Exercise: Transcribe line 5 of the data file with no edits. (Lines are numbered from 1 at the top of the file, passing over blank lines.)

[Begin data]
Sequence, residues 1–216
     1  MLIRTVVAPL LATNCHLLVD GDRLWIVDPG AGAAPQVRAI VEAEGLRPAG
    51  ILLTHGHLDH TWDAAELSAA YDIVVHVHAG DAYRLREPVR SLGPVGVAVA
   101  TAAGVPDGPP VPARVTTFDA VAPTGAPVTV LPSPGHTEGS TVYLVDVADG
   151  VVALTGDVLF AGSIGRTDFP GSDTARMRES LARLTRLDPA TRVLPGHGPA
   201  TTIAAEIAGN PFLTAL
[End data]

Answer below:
   151  VVALTGDVLF AGSIGRTDFP GSDTARMRES LARLTRLDPA TRVLPGHGPA